The 14th edition of the FINA World Championships came to a close today in Shanghai, and the American team walked away with top honors. The Stars and Stripes posted double bookends on this final day of competition. Jessica Hardy and Ryan Lochte won the women’s 50 breast and men’s 400 IM, respectively. Elizabeth Beisel picked up steam in the penultimate event, the women’s 400 IM, before Nathan Adrian held off James Magnussen for an American win in the men’s medley relay. Additionally, Sweden’s Therese Alshammar made up for a disappointing loss in the 50 fly yesterday with a world title in the women’s 50 free before Liam Tancock earned Britain’s second gold of the week in an upset over France’s Camille Lacourt in the men’s 50 back.
In the most thrilling race of the night, China’s Sun Yang took down the oldest record in the books in the men’s 1500 free. Grant Hackett set the previous mark of 14:34.56 a full decade ago, and only this mark among men’s records survived the supersuit era. Sun took the lead from the outset but was already behind world record pace at the 100. However, he held his pace at two seconds above world record pace the entire race. When he flipped at the 1400 mark, he turned on the jets. He closed in a monster 25.94, faster even than any closing 50 in the 200, 400 or 800 free! And it was enough; Sun touched in 14:34.14, the fastest time ever.
All in all, an excellent week in Shanghai. There were some surprises, such as the tie in the women’s 100 free between Aliaksandra Herasimenia and Jeanette Ottesen, while some results stayed the same, such as in the men’s 200 fly, where Michael Phelps won his fifth World title in the event, the most ever. Beyond Sun’s world record today, China won five gold medals in the pool this week, clearly establishing them as the second-best team in the world. Comparatively, the usually-strong Australians won just two gold medals, both on the back of sprint star James Magnussen, while the formerly-premier Australian women did not win any races. The British team also looked weak most of the week but came around with two gold medals on the last two days to gain valuable momentum headed into a home Olympics next year.
The Americans, however, really dominated this meet. The women, winner of just two golds in Beijing and Rome, won eight here. Led by 16 year old superstar Missy Franklin and breaststroke queen Rebecca Soni, they took relay golds on the global stage for the first time in four years. They won golds in back, breast, free, and IM and as high as silver in free. It looks like the only weak spots are sprint to mid-distance free; no American finished higher than sixth in the 50, 100, 200, and 400 free. I picked Natalie Coughlin, Allison Schmitt, and Katie Hoff to medal in those events, but all fell off the fast pace required. Those swimmers and others will need to make big improvements to be factors in London next summer.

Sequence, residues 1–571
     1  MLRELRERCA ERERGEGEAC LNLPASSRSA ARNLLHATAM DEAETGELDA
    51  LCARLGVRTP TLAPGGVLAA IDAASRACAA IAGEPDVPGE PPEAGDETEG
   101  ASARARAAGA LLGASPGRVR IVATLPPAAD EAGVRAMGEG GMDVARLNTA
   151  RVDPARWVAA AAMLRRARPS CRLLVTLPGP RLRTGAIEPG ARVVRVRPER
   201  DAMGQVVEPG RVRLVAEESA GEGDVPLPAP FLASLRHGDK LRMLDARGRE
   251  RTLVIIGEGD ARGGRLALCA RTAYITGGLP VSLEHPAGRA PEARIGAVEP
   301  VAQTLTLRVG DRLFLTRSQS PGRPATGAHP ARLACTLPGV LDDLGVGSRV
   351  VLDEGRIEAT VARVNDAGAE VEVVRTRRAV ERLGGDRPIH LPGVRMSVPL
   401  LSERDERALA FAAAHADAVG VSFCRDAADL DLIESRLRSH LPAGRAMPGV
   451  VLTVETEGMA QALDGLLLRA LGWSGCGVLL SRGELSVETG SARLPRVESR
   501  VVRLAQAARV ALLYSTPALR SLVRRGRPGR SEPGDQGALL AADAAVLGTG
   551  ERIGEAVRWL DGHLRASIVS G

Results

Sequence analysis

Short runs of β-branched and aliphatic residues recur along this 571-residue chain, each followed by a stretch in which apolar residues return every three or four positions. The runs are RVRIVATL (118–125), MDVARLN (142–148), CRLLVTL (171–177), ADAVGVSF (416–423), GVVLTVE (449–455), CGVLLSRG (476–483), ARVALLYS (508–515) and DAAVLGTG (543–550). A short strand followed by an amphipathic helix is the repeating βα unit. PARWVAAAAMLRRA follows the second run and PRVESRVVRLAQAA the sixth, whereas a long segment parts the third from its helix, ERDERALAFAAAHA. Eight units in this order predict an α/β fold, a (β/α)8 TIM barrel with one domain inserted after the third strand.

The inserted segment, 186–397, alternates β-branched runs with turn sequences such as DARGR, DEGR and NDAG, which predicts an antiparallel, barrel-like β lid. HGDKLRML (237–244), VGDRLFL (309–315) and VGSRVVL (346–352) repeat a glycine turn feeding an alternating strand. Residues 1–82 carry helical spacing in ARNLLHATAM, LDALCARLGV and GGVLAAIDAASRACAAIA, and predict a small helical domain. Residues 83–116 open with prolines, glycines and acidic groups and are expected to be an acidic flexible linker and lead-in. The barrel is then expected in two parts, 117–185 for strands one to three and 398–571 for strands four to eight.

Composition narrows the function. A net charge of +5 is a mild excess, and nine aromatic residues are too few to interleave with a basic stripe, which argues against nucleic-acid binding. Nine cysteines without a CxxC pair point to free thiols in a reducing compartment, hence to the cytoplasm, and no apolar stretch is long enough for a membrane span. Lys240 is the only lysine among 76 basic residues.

On the men’s side, the Americans looked great in the IM and butterfly races, and Peter Vanderkaay and Chad La Tourette answered some of the questions over the American distance program, though neither medaled. Americans did not overwhelm in backstroke and breaststroke events this week (other than a 1-3 finish in the 200 back), but with U.S. Nationals coming up this week, we will get a better idea of what is to expect in the those events in the next year. Again, problems showed in the sprint events; coming off a tough year, Nathan Adrian surprisingly failed to medal in either the 50 or 100 free, neither Cullen Jones (50 free) and Jason Lezak (100 free) advanced to the semi-finals of their respective races.
Most importantly, however, the Americans came in third in the 400 free relay. Michael Phelps, Garrett Weber-Gale, Jason Lezak, and Adrian all posted slower-than-expected times to come in behind an on-fire team from Down Under and the solid French. Again, we will find out more at Nationals when former relay members such as Matt Grevers take to the blocks, but the American sprinters will once again need to take their game to the next level if they want to return that gold to American waters in that event in London. The big storylines headed into next summer’s Olympics are still developing, but the American goal of bringing this title back to American waters will surely make headlines.
Two final plotlines, however, will stand above all others in the next year: the showdowns between Michael Phelps and Ryan Lochte, and the quest for more world records. Lochte, clearly the better-prepared of the two, earned the upper-hand over Phelps in both the 200 free and 200 IM this week. With both headed into a full year of hard training, both of those races should be fast and furious in a year. Meanwhile, Lochte and Sun Yang have broken the ice of the world record-drought, and more are to come. Maybe we’ll see another record broken at this week’s Nationals, or maybe no mark will fall until London in a year. Regardless, both of these storylines will steal attention of not just swim fans but also mainstream media in the run-up to London.
Finally, the prediction contest results. In case anyone forgot, I am the swim geek.
1. David Rieder 364
2. Matt Salzberg 363
3. Chris DeSantis 339
4. Melissa German 319
4. Braden Keith 319
6. John Liu 310
7. John Lohn 308
8. Jerry Shandrew 302
8. Tom Willdridge 302
10. Kristine Sorenson 288
11. Sebastian Schwenke 228